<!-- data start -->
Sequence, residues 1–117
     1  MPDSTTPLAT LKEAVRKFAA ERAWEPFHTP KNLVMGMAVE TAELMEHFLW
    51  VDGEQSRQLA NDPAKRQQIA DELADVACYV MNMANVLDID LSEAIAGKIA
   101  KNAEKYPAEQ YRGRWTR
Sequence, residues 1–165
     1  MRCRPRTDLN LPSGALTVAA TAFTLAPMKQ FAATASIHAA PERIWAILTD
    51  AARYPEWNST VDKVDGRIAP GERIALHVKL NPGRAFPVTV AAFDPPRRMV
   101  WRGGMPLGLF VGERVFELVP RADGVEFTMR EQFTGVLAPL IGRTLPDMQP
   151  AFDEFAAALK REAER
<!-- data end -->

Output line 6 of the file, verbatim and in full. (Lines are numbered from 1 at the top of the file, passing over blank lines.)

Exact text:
     1  MRCRPRTDLN LPSGALTVAA TAFTLAPMKQ FAATASIHAA PERIWAILTD